Repost: Sunrise, Sunset

It’s my habit to watch the sunrise and the sunset every day.

I usually greet the morning in my rocking chair, looking out my east-facing picture window.  It never gets old to watch darkness chased away by relentless light rising over the tops of trees.

sunrise trees

Beautiful.

Every. Time.

Sunset is a little trickier.

Read the rest here:  Sunrise, Sunset

Christmas Drama

We’ve whitewashed everything about this scene:  beatific Mary gazing serenely at a cleaned up baby cozy in a cleaned up manger towered over by Joseph and surrounded by adoring shepherds and freshly groomed, sweet smelling animals.

It was nothing like that.

Birth is pain and sweat and effort.

And messy.  So, so messy.

I like to think more clearly about what that night was like.  It helps my heart to know that even while God was being birthed as a man into the world He created, He didn’t hide the hard.

The world was a mess on the first Christmas night, but Jesus came. He came wearing a name of endless hope and promise: ‘God with us.’ God is with us when the money runs out, with us when the bad news comes, with us when the holiday isn’t happy, and with us when everyone else disappears. The question this Christmas is not, ‘Will Jesus show up?’ The question is, ‘Will I receive Him, even if He’s all I have?’

Today is a good day to give yourself permission to be the real you in front of the real God. You don’t have to hide your hurt or sin away. He comes to heal, to save, and to rescue. Let earth receive her king.

~Bo Stern, When Holidays Hurt

There’s no evidence that Mary was spared labor pains or all the usual difficulty of bringing forth life.

And poor Joseph!  In a culture where women helped women he was alone and lonely with his young bride in a place hardly appropriate for birthing a baby much less for protecting her modesty and reputation.  He was unwitting midwife to the most important birth in history.

I’ve often wondered whether Mary and Joseph were relieved to see the shepherds who confirmed again the truth that their Son was Savior or if they were thinking the visit might have been better timed a few days later when things were tidier and the idea of parenthood had settled in.

Drama. 

All of it.

But the biggest drama that night was this:  Darkness was overcome.  Once and for all.  Never to reign again.

When He created the heavens and the earth, God declared, “Let there be light!” Physical light entered time and space.  Darkness was pushed back and limits set on its power and dominion.

Yet sin marred the light of God’s love, provision and perfect creation.

And from that moment on, darkness crept forward through the actions of men whose hearts were hard and by the designs of the evil one who has no heart but only destruction in his bosom.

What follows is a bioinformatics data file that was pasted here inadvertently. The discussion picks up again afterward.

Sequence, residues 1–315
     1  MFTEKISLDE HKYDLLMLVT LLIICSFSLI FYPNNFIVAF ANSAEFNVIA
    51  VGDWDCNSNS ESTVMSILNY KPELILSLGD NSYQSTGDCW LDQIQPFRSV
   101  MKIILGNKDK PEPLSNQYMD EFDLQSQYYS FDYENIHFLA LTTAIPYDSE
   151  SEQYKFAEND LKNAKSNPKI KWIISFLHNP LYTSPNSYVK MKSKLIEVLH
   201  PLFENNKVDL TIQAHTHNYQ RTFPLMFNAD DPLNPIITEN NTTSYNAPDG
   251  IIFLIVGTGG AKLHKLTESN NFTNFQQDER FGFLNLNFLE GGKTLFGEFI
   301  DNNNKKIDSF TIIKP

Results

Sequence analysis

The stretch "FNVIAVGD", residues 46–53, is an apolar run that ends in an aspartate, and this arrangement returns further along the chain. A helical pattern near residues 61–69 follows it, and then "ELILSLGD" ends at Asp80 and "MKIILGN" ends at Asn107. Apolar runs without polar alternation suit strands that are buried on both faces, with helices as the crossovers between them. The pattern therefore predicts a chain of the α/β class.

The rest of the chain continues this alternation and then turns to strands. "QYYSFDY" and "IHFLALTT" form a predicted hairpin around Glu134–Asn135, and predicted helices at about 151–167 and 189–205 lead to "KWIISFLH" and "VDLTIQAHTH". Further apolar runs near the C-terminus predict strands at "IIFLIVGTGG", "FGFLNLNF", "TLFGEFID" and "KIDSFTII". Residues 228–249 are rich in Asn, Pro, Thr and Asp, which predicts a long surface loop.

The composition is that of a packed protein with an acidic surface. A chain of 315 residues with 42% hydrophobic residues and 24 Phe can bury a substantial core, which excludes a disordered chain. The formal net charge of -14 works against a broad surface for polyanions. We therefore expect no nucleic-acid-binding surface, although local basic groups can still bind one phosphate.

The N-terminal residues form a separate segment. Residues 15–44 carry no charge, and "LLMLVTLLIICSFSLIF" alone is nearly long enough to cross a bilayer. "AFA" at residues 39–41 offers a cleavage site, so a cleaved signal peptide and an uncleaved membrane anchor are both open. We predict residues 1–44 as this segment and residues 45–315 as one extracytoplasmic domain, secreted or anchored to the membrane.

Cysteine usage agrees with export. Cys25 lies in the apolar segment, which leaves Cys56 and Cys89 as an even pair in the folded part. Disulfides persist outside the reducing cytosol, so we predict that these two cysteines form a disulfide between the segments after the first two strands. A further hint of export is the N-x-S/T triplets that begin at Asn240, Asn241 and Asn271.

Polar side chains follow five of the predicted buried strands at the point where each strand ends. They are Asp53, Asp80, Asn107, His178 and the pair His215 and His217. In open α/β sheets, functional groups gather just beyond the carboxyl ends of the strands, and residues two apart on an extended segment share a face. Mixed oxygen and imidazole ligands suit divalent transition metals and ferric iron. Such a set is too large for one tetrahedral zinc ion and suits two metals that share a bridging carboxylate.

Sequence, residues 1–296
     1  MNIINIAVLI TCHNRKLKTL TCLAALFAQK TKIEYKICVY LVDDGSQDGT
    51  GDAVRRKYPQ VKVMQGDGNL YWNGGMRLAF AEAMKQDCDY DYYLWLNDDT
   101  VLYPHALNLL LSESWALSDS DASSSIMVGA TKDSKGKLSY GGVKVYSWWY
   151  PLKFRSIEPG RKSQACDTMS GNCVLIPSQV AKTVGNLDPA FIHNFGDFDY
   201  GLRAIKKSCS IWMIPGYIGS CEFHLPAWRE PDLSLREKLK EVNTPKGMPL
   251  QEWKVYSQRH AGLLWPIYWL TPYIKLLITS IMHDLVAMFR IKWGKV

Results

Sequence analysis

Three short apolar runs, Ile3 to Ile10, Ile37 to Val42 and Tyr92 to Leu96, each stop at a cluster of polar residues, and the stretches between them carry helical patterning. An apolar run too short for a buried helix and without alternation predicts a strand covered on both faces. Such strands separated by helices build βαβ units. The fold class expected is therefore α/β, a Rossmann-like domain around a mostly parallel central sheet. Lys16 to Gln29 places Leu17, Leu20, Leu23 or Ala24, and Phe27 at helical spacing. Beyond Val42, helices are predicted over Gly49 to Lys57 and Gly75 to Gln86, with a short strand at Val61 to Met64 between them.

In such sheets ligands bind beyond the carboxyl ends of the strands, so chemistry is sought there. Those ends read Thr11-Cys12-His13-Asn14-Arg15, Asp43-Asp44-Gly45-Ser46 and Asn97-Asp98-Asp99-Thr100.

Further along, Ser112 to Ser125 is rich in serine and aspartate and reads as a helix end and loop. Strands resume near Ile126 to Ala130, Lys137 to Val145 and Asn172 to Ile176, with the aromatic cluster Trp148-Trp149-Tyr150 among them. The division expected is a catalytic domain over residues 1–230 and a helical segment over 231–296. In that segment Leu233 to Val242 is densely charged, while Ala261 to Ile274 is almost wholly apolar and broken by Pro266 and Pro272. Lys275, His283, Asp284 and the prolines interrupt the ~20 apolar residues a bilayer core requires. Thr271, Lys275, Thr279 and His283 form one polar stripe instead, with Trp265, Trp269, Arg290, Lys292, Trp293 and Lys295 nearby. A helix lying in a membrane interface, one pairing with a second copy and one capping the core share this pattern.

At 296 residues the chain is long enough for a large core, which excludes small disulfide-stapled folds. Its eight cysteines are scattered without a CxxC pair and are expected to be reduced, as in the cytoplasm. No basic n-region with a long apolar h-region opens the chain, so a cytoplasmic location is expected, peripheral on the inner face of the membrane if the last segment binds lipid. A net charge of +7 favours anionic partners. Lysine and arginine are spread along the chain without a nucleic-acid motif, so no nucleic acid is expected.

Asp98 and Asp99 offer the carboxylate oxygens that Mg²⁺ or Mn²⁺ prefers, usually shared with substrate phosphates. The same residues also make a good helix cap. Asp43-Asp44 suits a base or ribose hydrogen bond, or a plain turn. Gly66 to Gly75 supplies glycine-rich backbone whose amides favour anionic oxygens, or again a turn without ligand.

But God….

He would not leave us this way.  He did not allow the darkness to win.

We were not abandoned.

We are not abandoned.

Emmanuel is here.

And then, just when everything is bearing down on us to such an extent that we can scarcely withstand it, the Christmas message comes to tell us that all our ideas are wrong, and that what we take to be evil and dark is really good and light because it comes from God. Our eyes are at fault, that is all. God is in the manger, wealth in poverty, light in darkness, succor in abandonment. No evil can befall us; whatever men may do to us, they cannot but serve the God who is secretly revealed as love and rules the world and our lives.

~Dietrich Bonhoeffer

manger empty

Qualified by Hopelessness: An Empty Heart Can Be Filled

I don’t know about you but I’ve never thought of hopelessness as something I wanted on my resume.

Hopelessness is typically tossed into the pile of “negative” feelings we all acknowledge but don’t want to experience and if we do, we try to minimize, rationalize or disguise them.

If I admit to it at all, I tend to look downward, whisper quickly and pray that no one takes much notice because it feels shameful.

But maybe hopelessness is the first step to truly celebrating Christmas.

Think about Scrooge.  When was his heart able to make the turn and embrace the joy that Christmas represents?  It took one long night and four strange visitors to take him down a path where he understood his own strength was woefully inadequate to accomplish anything.  It was finally the spectre of death-death of relationships, death of a child and the certainty of his own lonely demise that shook him from slumber and awakened him to real life and love and joy.

scrooge

I will honour Christmas in my heart, and try to keep it all the year. I will live in the Past, the Present, and the Future. The Spirits of all Three shall strive within me. I will not shut out the lessons that they teach!
― Charles Dickens, A Christmas Carol

Now consider the story of the first Christmas.  Two poor sojourners in desperate need of a place to stay and, even more important, a place to birth a baby. 

But not just any baby.  No, this was the Promised One, Immanuel, Jesus, Messiah, Light of the World.  Yet He made His appearance in the dark, in a stable and unnoticed.

I don’t know if Mary felt hope-filled or hopeless as she labored without the company of other women to encourage and guide her.  But I can imagine there were moments if not hours, of something like hopelessness.

Yet it ended with her holding the God of the universe in her hands.

jesus-christmas

What about Israel?  Four hundred long years since Jehovah had shut the mouths of prophets and allowed the Apple of His Eye to wallow in the darkness they had begged for by turning away from the God Who loved them.  Prophesies were still handed down like good luck tokens but many who heard them had long ago decided they didn’t matter.

It was dark in the world of Judea.

So, so very dark.

Hopelessness prevailed.

And that is precisely when the angel showed up and the sky was bright with praise:

Don’t be afraid! Listen! I bring good news, news of great joy, news that will affect all people everywhere. Today, in the city of David, a Liberator has been born for you! He is the promised Anointed One, the Supreme Authority! 

~Luke 2:10-11 VOICE

It was all the brighter because it was dark.  It was that much more joyous because hopeless hearts were longing for something to cling to.